Processors

You can use Processors in order to process events before they are sent to the configured output. The libbeat library provides processors for reducing the number of exported fields, performing additional processing and decoding, etc.

Each processor receives an event, applies a defined action to the event, and returns the event. If you define a list of processors, they are executed in the order they are defined in the Filebeat configuration file. This is an example of several processors configured. For more information on filtering and enhancing your data.

# ================================= Processors =================================

# Processors are used to reduce the number of fields in the exported event or to
# enhance the event with external metadata. This section defines a list of
# processors that are applied one by one and the first one receives the initial
# event:
#
#   event -> filter1 -> event1 -> filter2 ->event2 ...
#
# The supported processors are drop_fields, drop_event, include_fields,
# decode_json_fields, and add_cloud_metadata.
#
# For example, you can use the following processors to keep the fields that
# contain CPU load percentages, but remove the fields that contain CPU ticks
# values:
#
processors:
  - include_fields:
      fields: ["cpu"]
  - drop_fields:
      fields: ["cpu.user", "cpu.system"]
#
# The following example drops the events that have the HTTP response code 200:
#
processors:
  - drop_event:
      when:
        equals:
          http.code: 200
#
# The following example renames the field a to b:
#
processors:
  - rename:
      fields:
        - from: "a"
          to: "b"
#
# The following example enriches each event with the machine's local time zone
# offset from UTC.
#
processors:
  - add_locale:
      format: offset
#
# The following example enriches each event with host metadata.
#
processors:
  - add_host_metadata: ~
#
# The following example decodes fields containing JSON strings
# and replaces the strings with valid JSON objects.
#
processors:
  - decode_json_fields:
      fields: ["field1", "field2", ...]
      process_array: false
      max_depth: 1
      target: ""
      overwrite_keys: false
#
# The following example copies the value of message to message_copied
#
processors:
  - copy_fields:
      fields:
        - from: message
          to: message_copied
      fail_on_error: true
      ignore_missing: false
#
# The following example preserves the raw message under event_original, which then cutted at 1024 bytes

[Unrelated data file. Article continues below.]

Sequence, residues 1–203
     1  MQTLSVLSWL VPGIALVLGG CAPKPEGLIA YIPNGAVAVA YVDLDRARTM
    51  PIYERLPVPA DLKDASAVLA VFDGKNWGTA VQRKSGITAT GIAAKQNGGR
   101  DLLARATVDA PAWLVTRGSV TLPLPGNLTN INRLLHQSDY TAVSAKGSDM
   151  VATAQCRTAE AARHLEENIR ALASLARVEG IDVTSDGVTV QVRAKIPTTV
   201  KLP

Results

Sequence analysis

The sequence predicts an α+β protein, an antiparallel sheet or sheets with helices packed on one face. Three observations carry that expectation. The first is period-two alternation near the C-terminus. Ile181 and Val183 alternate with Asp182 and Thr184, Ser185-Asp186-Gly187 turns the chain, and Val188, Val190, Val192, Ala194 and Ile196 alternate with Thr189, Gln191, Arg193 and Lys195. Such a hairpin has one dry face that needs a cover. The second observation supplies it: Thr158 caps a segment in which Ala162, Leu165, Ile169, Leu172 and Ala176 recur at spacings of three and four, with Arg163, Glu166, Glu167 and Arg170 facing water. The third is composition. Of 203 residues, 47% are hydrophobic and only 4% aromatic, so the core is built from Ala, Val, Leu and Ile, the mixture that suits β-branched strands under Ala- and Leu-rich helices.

#
processors:
  - copy_fields:
      fields:
        - from: message
          to: event_original
      fail_on_error: false
      ignore_missing: true
  - truncate_fields:
      fields:
        - event_original
      max_bytes: 1024
      fail_on_error: false
      ignore_missing: true
#
# The following example URL-decodes the value of field1 to field2
#
processors:
  - urldecode:
      fields:
        - from: "field1"
          to: "field2"
      ignore_missing: false
      fail_on_error: true

Note for the last section: Filebeat offers more types of processors as you can see here and you may also include conditions in your processor definition. If you use Coralogix, you have an alternative to Filebeat Processors as you can set different kinds of parsing rules through the Coralogix UI instead. If you are maintaining your own ELK stack or other 3rd party logging tool you should check for processors when you have any need for parsing.

Output

You configure Filebeat to write to a specific output by setting options in the Outputs section of the filebeat.yml config file. Only a single output may be defined. In this example, I am using the Logstash output. This is the required option if you wish to send your logs to your Coralogix account, using Filebeat. For more output options.

# ------------------------------ Logstash Output -------------------------------
output.logstash:
  # Boolean flag to enable or disable the output module.
  enabled: true

  # The Logstash hosts
  hosts: ["127.0.0.1:5044"]

  # Configure escaping HTML symbols in strings.
  escape_html: true

  # Number of workers per Logstash host.
  worker: 1

  # Optionally load-balance events between Logstash hosts. Default is false.
  loadbalance: false

  # The maximum number of seconds to wait before attempting to connect to
  # Logstash after a network error. The default is 60s.
  backoff.max: 60s

  # Optional index name. The default index name is set to filebeat